(2) Related Cases. When two or more cases are assigned to different divisions which would be more efficiently handled by the same Judge, such related cases may to be brought to the attention of the Administrative Judge by a Motion to Transfer.  If the Administrative Judge then transfers such cases, the party initially seeking the transfer shall immediately file a Motion to Consolidate the cases in question.

(3) Refiled Cases. When a case is terminated by voluntary dismissal, dismissal for lack of prosecution or involuntary dismissal without prejudice, and is refiled without substantial change in claims or parties, the attorney refiling the case must notify the Administrative Judge who will reassign the new case to the same division to which the prior case was assigned.

 (4) Reassignment to Complex Business Litigation Court. If a case is filed and qualifies for Complex Business Litigation Court pursuant to Administrative Order 2019-08-02 but is not filed directly into Complex Business Litigation Court, the file may be reassigned by the Administrative Judge either by request by the assigned Judge or by Motion.

(5) By Chief Judge or Administrative Judge for Any Reason. The Chief Judge or Administrative Judge may reassign any case for any good and sufficient reason.

  • Transfer of Cases to or from Other Courts.

 (1) To Another Circuit Court. When an order has been entered transferring a case from an Orange or Osceola Circuit Court to another Circuit Court on grounds of improper venue or forum non conveniens, the party designated in the order to pay the transfer costs within thirty (30) days of the date of the order, shall deliver to the Clerk the filing fee for the other Court to accompany the file upon its transfer.

(2) Transfer to or from Orange or Osceola County Court. When this Court finds the County Court has subject matter jurisdiction, the assigned Judge shall enter an order transferring the case and specifying which party shall pay any necessary filing fees. When the case and filing fee has been received, the Clerk shall assign the case to a Judge as if it was a newly filed case.


Pursuant to Florida Statute 28.13 and Florida Rule of Judicial Administration 2.050, the following procedures apply to Court files.

(A) The Clerk is required by statute to keep all papers and electronic filings filed in the Clerk’s office with utmost care and security.

(B) All filings in Civil Division are to be done electronically in accordance with Florida Supreme Court Standards for Electronic Access to the Courts – Version 18.0 – Updated August 2017, (as noted in AOSC09-30).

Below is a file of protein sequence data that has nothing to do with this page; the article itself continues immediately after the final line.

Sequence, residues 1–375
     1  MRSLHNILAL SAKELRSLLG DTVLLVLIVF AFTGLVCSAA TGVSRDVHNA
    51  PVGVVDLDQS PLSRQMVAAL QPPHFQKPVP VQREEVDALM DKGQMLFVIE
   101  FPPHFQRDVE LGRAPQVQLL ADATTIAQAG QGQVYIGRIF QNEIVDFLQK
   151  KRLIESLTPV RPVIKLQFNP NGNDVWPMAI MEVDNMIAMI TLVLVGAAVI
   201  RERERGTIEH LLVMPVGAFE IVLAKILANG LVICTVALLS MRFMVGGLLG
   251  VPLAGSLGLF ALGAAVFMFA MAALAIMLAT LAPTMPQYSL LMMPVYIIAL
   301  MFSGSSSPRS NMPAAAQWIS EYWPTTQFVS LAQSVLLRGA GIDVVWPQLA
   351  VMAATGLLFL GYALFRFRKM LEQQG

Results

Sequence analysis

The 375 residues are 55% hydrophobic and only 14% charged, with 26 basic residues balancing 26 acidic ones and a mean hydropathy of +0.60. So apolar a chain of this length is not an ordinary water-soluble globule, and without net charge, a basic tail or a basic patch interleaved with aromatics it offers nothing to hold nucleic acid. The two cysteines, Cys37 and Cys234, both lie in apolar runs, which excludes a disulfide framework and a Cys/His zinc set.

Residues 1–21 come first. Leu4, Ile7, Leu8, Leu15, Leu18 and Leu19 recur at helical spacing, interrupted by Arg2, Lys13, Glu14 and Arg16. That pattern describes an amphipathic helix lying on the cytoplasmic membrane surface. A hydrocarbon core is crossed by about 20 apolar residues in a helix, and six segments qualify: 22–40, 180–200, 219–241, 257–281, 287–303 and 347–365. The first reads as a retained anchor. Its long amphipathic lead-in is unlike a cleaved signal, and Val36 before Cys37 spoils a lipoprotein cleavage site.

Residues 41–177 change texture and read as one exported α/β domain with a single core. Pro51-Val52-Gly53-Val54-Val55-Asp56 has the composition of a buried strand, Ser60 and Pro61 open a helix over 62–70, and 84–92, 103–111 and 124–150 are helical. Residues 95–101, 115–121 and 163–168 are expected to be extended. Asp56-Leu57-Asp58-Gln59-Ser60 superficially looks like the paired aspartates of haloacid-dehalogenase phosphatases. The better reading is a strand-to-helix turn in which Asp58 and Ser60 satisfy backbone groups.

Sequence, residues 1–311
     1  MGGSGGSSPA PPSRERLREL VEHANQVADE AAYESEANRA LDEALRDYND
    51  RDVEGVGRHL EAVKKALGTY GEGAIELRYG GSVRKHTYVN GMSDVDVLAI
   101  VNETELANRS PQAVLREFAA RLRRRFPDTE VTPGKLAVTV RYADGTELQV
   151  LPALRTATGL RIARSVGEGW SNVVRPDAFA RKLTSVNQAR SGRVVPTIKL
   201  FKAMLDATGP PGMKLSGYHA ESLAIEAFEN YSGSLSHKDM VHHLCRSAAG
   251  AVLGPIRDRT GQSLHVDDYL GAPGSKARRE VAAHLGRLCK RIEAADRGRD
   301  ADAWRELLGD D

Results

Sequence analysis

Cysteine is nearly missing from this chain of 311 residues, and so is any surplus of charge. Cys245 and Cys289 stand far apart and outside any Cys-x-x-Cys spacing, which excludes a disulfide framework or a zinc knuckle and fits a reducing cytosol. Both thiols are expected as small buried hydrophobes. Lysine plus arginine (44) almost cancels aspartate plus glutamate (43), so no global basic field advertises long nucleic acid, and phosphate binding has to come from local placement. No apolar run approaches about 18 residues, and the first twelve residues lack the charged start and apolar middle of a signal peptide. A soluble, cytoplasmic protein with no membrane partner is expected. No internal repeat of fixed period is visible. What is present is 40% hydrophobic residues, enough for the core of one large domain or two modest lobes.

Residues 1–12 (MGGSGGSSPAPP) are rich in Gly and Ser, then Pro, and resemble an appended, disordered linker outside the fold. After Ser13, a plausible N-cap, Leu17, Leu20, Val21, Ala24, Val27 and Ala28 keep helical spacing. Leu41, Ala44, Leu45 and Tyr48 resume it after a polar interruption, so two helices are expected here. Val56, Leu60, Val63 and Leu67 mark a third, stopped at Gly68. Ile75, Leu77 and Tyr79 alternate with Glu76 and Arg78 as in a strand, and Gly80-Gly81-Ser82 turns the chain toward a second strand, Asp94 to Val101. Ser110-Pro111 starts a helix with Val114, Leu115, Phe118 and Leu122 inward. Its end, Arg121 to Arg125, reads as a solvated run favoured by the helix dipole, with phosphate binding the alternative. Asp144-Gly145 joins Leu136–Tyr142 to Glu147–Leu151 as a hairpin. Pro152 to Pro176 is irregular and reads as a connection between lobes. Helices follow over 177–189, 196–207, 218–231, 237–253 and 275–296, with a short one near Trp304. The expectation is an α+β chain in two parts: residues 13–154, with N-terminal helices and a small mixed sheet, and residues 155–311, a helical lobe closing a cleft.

(A) Every appearance by an attorney either by e-filing a document or by oral announcement at a hearing or trial shall be considered a general appearance, except that a limited special appearance may be made for the purpose of filing a motion to dismiss for lack of jurisdiction over the person, or for insufficiency of process or for insufficiency of service of process.

(B) Appearance by attorneys from other states (pro hac vice), appearance of additional counsel, and substitution and withdrawal of attorneys are governed by the Florida Rule of Judicial Administration 2.060 and strict adherence to those procedures is required.

(C) Every Order of Withdrawal as counsel of record must contain an address and an e-mail address for service of papers upon the client and a telephone number for the client. Fla. R. Jud. Admin. 2.505 (f) (1)


(A) Every party to a legal proceeding has the right to appear and prosecute a claim or maintain a defense without being represented by an attorney. There are three exceptions relevant in civil proceedings.

(1) Corporations and limited liability companies must be represented by an attorney and may not represent themselves through non-lawyer employees, officers, directors or shareholders, even where such non-lawyer person is the sole shareholder. The only exception is that a corporate landlord may bring an action through its non-lawyer managing agent to evict a tenant for nonpayment of rent.

(2) A guardian of a minor or incompetent must be represented by an attorney unless the guardian is an attorney.

(3) A personal representative of a decedent’s estate must be represented by an attorney, unless the personal representative is an attorney or unless the personal representative is the sole person to receive assets from the estate.

(B) The Court urges every party to retain an attorney to represent them.  However, if a party entitled to represent himself or herself chooses not to retain an attorney, he or she is hereby advised: